# Difference between the two definitions of Ulcer Index

The Ulcer Index (UI) is defined as follows on page 89 of the book "Practical Portfolio Performance Measurement and Attribution, 2E" by Carl Bacon:

$$UI= \sqrt{\sum_{i=1}^{i=n} \frac{D_{i}^{'2}}{n}}$$

where $$D^{'}_i$$ is the drawdown since the previous peak in period i.

Investopedia on the other hand defines it procedurally as:

The indicator is calculated in three steps:

1. Percentage Drawdown = [(Close - 14-period High Close)/14-period High Close] x 100
2. Squared Average = (14-period Sum of Percentage Drawdown Squared)/14
3. Ulcer Index = Square Root of Squared Average

Evidently, the Bacon version results in a number without any parameters, while Investopedia's calculates it as a series given a number of periods taken into consideration as a parameter. So,

1. Why is the number of periods not needed for Bacon's version?
2. Why does the most recent value (and every other value, as I can notice) of Investopedia series differ from the number calculated by Bacon's formula?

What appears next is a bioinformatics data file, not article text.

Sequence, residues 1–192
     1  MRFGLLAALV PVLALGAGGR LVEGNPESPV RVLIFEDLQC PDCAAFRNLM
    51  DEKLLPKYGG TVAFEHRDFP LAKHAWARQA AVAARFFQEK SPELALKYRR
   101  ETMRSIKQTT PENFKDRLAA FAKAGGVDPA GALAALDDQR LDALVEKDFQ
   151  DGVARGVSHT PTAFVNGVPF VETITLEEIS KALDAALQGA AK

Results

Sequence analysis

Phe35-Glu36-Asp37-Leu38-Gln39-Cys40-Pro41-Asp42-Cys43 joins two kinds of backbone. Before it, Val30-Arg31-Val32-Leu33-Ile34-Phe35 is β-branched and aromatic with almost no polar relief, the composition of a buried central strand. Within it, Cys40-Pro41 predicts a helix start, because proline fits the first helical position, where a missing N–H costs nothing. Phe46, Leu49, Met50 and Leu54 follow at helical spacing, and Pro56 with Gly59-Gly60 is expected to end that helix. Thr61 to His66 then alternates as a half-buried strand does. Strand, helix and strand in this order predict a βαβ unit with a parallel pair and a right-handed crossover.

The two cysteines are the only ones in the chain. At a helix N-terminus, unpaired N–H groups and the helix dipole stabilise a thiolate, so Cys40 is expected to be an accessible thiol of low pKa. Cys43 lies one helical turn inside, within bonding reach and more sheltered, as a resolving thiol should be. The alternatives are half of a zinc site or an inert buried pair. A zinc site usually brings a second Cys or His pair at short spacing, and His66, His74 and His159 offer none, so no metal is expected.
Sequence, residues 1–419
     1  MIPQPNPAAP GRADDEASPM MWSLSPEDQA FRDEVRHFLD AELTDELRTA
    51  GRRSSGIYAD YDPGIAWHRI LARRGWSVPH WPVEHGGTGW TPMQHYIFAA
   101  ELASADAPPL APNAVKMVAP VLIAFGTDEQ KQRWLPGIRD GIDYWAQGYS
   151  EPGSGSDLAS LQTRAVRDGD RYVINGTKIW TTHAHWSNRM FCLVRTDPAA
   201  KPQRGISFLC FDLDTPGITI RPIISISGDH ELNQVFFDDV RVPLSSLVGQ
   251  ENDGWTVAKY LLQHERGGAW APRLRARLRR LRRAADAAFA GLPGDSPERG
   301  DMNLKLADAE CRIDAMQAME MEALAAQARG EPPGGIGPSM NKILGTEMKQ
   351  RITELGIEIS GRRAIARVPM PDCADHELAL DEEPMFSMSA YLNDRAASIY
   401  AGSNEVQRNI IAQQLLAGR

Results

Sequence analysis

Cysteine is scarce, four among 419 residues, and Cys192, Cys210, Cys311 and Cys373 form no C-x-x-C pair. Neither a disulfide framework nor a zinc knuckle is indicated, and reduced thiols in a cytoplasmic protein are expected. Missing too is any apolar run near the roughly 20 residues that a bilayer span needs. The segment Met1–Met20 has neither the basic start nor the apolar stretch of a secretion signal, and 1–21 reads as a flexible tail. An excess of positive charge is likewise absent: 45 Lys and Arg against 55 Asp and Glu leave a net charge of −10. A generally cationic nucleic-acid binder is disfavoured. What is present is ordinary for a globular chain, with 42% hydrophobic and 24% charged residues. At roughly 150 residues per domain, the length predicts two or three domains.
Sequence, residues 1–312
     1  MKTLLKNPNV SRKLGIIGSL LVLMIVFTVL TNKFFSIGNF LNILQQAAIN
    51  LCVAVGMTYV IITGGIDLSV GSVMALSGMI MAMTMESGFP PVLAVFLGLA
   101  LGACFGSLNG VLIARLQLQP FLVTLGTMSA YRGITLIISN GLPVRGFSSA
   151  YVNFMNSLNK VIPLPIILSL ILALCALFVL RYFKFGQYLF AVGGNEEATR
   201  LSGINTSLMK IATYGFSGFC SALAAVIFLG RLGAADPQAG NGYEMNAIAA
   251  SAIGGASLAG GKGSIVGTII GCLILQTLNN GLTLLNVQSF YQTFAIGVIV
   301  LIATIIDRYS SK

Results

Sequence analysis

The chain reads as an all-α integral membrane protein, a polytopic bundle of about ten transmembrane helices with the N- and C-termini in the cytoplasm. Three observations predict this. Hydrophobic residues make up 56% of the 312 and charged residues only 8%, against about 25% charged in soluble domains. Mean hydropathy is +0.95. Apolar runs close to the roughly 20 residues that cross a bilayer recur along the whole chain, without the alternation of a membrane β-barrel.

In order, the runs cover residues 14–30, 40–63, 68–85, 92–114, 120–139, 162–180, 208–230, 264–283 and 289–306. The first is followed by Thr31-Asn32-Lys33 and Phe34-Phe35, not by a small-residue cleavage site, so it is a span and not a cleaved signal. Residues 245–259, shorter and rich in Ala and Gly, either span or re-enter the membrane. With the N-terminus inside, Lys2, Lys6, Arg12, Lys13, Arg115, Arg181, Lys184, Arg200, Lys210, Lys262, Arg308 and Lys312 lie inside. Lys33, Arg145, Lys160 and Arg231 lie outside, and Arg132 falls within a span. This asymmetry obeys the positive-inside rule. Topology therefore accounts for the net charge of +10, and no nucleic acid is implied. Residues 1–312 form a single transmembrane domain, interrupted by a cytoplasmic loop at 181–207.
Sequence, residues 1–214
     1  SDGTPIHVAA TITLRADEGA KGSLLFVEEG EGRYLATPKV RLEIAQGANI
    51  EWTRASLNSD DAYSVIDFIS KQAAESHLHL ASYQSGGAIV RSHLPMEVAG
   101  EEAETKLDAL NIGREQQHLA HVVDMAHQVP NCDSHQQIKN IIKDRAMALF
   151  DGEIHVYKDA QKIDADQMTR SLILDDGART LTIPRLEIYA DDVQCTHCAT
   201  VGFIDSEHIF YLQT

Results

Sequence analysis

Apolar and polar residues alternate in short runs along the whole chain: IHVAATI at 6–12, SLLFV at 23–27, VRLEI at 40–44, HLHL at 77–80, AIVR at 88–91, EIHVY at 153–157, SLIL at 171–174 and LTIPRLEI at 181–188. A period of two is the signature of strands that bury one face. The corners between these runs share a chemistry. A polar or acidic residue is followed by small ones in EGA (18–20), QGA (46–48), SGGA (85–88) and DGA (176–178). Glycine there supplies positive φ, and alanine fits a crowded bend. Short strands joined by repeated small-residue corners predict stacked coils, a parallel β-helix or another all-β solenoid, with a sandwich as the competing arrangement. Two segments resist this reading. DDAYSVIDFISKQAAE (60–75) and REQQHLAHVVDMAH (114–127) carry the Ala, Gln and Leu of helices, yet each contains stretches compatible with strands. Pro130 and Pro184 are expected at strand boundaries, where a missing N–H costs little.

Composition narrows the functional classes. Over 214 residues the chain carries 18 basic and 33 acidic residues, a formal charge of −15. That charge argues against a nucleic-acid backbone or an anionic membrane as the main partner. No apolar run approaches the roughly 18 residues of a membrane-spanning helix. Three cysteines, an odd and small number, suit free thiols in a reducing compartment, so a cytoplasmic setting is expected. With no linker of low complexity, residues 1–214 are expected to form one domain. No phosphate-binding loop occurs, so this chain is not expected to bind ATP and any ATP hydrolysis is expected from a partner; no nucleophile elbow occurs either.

3. Which of these definitions is a) correct (as per the original paper) and b) most commonly used?
4. When we are calculating Martin ratio, should we use Ulcer Index a) as per Bacon formula or b) the most recent value in the Investopedia's series?
• I can't say anything about this case in particular but I suggest not putting too much trust in what Investopedia or similar non-professional investing web sites say on anything in finance. Yes, it is nice that the articles on such sites try to explain things in as much simple terms as possible and they are usually well-formatted, but, from what I have seen, the backgrounds of their writers are far from being ideal to provide such information and their articles sometimes include significant amounts of misleading or erroneous information. Jun 24 at 10:18
• I second @Alper with regards to investopedia. It seems Peter Martin, who developed the index, has a webpage dedicated to the index. I'd follow this page and interpret all else as modifications to the original formula. This also applies to the Martin ratio, which got it's name from Peter Martin it seems. Jun 24 at 11:48
• In Bacon's version above, is $n$ not the number of periods? If not, what is it? Jun 24 at 12:17